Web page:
· Credit Inquiries (10%): Last we have Credit Inquiries also known as a hard inquiry. These show up on your report each time you apply for new credit. Although it is one of the smallest factors it is advisable to limit the number of inquiries you have had as this can make it appear that you are desperate for credit and will lower your overall score.
3. Credit Score Ranges and Risk.
Credit scores range for a low of 500 to the highest score of 850. Where you land on this scale ca have a significant impact on your purchasing power and what sort of home you can finance. This is due to the fact that the lender considers an applicant with a lower score to be higher risk. If you find yourself in a lower credit score range this could affect your interest rates, home insurance costs or even your ability to get any financing at all. The different score categories are listed below ranging from high to low.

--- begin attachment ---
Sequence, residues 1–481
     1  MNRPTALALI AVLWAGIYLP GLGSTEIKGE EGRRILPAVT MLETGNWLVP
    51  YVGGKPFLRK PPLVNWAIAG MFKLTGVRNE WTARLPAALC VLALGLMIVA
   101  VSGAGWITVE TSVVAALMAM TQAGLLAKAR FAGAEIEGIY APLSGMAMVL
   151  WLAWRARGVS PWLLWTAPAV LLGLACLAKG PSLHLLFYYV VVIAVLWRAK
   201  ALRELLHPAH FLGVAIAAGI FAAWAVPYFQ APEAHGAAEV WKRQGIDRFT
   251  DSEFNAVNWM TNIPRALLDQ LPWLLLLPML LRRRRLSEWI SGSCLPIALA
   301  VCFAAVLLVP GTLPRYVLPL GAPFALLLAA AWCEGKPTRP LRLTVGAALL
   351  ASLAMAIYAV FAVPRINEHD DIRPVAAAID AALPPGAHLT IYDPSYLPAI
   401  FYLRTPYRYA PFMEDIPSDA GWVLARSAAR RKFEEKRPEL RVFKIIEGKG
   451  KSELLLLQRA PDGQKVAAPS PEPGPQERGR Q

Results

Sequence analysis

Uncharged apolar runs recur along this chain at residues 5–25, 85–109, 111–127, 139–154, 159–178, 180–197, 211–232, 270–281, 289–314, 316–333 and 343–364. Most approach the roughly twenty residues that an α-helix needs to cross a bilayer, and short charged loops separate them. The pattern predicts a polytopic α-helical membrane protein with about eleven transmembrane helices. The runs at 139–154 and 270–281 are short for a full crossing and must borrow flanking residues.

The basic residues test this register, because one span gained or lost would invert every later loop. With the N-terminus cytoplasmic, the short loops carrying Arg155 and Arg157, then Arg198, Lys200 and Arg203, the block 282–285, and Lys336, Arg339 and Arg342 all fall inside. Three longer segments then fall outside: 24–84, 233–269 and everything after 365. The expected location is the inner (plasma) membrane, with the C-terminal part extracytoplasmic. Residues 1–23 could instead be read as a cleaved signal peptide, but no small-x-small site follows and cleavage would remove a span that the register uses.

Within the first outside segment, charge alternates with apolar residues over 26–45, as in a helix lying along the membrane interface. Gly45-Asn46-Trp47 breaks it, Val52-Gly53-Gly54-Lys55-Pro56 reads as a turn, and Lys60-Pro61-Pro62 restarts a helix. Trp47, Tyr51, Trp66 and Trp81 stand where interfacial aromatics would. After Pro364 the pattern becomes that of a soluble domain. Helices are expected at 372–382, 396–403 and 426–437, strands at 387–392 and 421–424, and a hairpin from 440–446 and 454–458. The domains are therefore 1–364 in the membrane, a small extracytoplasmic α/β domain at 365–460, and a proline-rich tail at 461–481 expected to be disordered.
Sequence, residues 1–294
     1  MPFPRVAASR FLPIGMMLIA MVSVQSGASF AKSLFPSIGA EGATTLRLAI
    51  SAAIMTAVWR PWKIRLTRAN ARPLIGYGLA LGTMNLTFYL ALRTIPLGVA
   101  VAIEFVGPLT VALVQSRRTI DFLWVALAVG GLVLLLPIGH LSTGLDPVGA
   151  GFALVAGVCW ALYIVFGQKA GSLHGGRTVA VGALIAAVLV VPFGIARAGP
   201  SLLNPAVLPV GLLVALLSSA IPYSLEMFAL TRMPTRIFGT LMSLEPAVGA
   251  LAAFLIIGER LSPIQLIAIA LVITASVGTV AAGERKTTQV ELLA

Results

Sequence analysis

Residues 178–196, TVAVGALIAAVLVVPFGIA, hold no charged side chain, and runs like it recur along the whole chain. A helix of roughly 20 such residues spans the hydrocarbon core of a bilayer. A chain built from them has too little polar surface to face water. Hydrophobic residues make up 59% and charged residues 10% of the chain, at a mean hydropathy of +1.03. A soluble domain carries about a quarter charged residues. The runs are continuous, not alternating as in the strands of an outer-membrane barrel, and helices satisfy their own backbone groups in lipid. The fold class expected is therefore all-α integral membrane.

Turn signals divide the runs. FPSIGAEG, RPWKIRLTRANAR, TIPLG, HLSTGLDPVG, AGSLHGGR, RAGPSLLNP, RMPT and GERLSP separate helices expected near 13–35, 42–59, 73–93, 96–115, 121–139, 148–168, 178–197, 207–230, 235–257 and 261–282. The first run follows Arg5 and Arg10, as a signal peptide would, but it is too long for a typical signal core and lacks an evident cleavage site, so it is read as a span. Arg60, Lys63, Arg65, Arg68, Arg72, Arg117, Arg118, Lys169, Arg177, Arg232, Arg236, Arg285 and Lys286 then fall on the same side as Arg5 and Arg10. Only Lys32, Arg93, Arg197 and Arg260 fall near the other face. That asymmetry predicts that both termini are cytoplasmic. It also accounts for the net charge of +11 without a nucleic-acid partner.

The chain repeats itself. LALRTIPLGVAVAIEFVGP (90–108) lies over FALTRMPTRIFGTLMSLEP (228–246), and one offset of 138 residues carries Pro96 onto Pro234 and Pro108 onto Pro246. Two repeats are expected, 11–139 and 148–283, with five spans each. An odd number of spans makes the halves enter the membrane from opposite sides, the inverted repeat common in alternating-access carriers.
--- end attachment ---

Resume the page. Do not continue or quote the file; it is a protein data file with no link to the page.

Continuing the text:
· 760-850: This is the highest band and is considered to be Excellent Credit. Being in this category can help insure you get the best rates possible when applying for a home loan.
· 700-759: Here we have the Great credit group. Although not as beneficial as having Excellent credit, you will still wield powerful purchasing power and be able to qualify for great interest rates when the time comes to buy a new home.
· 660-699: The mid to high 600s are considered to be in the Fair credit range. Most home loan programs will require you to score somewhere in this area. It’s important to remember that if you drop below this range you may not be able to qualify for some home loan programs and will begin taking significant hits on interest rates and some other costs.
· 620-659: Although still in the Fair category we are now approaching high risk credit applicants. If you fall into the range you will probably be at risk higher interest rates and may be disqualified for home loans.